Communities from across Illinois came together around equitable, smart and inclusive clean energy policy, and that’s where we scored some of our biggest wins. The Future Energy Jobs Bill will include:

  • At least 4.3 gigawatts of new Illinois wind and solar power – as much capacity as two nuclear power plants and two coal plants combined
  • Requirements that Ameren and ComEd, Illinois utilities,  invest $6 billion in energy efficiency over the next decade
  • A new Illinois Solar for All program that will invest up to $400 million in new solar projects in economically disadvantaged communities, and train those most in need of good jobs in the clean energy technologies of the future.

These are huge leaps forward for clean energy, but the Future Energy Jobs Bill was also a compromise that includes ratepayer support for two nuclear power plants. To be clear, the Sierra Club remains opposed to nuclear power, and we do not consider nuclear to be clean energy.  While we fought for our clean energy priorities, we strongly opposed Exelon’s proposed “Low Carbon Portfolio Standard,” which would have subsidized all of Exelon’s six nuclear reactors, to the exclusion of renewable power. We defeated that proposal, and championed the Illinois Clean Jobs bill as a much better alternative. However, after nearly two years, legislative leaders and the Governor convened all stakeholders with the directive to agree on a single, comprehensive energy proposal. We fought and won to make renewable energy and energy efficiency the cornerstones of the compromise legislation, and of Illinois’ energy future.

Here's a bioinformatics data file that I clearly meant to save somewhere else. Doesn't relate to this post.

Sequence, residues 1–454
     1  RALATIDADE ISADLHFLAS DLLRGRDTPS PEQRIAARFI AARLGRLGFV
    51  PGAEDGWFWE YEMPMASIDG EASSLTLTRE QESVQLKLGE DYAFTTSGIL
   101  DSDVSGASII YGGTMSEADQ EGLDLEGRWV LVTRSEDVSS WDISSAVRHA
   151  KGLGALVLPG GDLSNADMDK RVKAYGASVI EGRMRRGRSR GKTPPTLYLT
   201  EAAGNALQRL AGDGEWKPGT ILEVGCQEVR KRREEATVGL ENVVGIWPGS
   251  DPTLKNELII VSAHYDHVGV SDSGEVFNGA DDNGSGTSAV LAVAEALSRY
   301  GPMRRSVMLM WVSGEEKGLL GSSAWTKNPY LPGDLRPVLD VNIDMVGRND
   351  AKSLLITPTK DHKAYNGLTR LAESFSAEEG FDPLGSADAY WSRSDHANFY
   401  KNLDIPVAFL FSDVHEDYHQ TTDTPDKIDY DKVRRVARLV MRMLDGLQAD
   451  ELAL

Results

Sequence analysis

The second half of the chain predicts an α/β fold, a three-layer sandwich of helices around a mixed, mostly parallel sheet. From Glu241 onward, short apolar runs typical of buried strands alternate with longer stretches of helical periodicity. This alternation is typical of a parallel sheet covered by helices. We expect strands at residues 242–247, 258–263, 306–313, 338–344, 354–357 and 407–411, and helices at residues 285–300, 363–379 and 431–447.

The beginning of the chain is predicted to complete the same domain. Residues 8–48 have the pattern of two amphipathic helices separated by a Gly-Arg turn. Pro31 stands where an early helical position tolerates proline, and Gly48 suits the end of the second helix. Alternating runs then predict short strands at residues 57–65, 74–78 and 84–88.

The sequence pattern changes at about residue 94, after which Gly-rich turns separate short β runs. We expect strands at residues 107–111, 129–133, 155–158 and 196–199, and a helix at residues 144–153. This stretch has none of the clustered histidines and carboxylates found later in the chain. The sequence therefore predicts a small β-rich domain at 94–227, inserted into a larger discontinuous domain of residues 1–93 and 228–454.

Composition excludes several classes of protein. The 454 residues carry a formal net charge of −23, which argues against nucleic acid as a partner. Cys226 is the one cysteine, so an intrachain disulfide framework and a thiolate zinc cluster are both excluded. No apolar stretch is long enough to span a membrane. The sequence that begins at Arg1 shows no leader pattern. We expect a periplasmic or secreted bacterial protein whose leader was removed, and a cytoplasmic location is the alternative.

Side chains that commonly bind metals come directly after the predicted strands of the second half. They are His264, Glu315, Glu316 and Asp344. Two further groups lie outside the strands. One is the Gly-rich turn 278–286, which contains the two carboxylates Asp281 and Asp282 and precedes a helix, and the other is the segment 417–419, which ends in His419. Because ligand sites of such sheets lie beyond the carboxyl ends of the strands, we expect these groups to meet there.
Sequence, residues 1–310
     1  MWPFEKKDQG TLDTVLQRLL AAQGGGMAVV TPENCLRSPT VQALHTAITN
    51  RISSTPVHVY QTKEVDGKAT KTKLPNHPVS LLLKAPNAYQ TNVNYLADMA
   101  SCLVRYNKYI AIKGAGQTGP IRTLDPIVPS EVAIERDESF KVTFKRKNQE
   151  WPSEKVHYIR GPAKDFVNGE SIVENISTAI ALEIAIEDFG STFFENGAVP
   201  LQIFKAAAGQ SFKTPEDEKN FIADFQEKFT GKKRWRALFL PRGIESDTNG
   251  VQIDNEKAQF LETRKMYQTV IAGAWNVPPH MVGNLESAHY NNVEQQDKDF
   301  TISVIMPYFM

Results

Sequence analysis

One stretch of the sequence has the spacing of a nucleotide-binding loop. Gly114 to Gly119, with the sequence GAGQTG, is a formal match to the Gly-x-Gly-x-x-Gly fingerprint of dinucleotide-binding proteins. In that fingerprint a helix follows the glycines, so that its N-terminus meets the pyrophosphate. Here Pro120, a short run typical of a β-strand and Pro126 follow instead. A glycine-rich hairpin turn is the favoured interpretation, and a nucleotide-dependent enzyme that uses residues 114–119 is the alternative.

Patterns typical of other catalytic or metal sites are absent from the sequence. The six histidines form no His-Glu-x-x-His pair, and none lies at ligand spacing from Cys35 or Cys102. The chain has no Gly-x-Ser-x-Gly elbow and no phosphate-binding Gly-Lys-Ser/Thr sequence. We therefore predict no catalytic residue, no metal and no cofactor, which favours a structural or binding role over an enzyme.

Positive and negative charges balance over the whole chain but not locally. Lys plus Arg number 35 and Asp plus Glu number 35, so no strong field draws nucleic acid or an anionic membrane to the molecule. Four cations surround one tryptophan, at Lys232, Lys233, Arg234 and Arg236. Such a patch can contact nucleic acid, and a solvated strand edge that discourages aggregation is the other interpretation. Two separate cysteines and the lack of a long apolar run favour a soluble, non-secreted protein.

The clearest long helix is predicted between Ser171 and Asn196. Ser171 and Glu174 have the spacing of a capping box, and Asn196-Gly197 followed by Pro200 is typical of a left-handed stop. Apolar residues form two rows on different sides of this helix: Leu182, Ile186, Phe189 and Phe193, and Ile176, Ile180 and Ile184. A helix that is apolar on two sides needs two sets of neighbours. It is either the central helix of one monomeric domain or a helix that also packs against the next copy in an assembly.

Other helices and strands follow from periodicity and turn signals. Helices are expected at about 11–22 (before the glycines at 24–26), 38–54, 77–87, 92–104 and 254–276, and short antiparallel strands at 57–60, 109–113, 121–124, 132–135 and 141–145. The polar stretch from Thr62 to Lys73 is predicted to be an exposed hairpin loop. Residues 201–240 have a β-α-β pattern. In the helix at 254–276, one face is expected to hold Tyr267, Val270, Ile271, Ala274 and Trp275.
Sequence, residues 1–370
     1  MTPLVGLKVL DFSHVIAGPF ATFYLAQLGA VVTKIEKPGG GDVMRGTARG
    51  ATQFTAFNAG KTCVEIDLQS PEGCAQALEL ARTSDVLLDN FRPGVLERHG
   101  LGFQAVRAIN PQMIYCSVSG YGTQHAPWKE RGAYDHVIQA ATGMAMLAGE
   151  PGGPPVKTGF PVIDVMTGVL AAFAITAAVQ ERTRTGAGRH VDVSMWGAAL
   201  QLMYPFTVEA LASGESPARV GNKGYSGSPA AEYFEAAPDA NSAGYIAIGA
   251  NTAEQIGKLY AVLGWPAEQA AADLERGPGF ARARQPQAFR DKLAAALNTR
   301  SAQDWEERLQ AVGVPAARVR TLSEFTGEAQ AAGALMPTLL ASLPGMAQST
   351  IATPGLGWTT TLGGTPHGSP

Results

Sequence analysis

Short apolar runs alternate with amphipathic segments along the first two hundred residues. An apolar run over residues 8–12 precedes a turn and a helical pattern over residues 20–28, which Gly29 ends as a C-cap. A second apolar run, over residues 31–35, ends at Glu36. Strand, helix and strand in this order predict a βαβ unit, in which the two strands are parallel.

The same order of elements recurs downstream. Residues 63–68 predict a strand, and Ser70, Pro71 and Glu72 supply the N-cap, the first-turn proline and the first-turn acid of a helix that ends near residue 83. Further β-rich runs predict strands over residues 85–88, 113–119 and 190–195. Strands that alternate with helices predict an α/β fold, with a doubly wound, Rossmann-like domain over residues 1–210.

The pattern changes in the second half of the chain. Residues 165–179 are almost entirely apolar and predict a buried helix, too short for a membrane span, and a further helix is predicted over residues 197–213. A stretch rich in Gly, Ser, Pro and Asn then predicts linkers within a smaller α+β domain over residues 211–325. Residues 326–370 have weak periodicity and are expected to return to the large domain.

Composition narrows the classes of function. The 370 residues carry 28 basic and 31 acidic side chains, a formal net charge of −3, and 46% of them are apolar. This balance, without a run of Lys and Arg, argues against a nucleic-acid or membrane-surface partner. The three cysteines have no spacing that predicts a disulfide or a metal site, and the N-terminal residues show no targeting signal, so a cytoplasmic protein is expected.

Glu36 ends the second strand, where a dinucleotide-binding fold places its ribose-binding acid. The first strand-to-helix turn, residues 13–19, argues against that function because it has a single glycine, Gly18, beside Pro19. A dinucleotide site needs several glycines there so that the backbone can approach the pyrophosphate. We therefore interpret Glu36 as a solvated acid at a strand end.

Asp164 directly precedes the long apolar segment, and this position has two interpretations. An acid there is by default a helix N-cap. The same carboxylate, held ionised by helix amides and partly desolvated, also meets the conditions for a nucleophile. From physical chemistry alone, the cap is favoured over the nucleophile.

Our work is not over until the state is powered by 100% clean energy. With the ramp up in wind, solar, and energy efficiency required by this bill, Illinois will be ready to replace our nuclear and coal plants with truly clean power when they retire.